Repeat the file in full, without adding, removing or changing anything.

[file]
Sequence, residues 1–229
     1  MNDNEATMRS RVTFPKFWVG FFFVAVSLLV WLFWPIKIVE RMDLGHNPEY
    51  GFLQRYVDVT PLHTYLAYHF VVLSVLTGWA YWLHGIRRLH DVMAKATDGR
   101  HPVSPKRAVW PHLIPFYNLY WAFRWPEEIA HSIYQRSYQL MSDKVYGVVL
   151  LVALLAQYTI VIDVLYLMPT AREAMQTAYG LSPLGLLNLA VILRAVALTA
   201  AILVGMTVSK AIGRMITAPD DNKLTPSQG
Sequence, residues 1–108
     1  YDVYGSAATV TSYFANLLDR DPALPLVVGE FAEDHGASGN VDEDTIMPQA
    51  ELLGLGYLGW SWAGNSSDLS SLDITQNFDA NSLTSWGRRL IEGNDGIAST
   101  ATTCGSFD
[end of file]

Sequence, residues 1–229
     1  MNDNEATMRS RVTFPKFWVG FFFVAVSLLV WLFWPIKIVE RMDLGHNPEY
    51  GFLQRYVDVT PLHTYLAYHF VVLSVLTGWA YWLHGIRRLH DVMAKATDGR
   101  HPVSPKRAVW PHLIPFYNLY WAFRWPEEIA HSIYQRSYQL MSDKVYGVVL
   151  LVALLAQYTI VIDVLYLMPT AREAMQTAYG LSPLGLLNLA VILRAVALTA
   201  AILVGMTVSK AIGRMITAPD DNKLTPSQG
Sequence, residues 1–108
     1  YDVYGSAATV TSYFANLLDR DPALPLVVGE FAEDHGASGN VDEDTIMPQA
    51  ELLGLGYLGW SWAGNSSDLS SLDITQNFDA NSLTSWGRRL IEGNDGIAST
   101  ATTCGSFD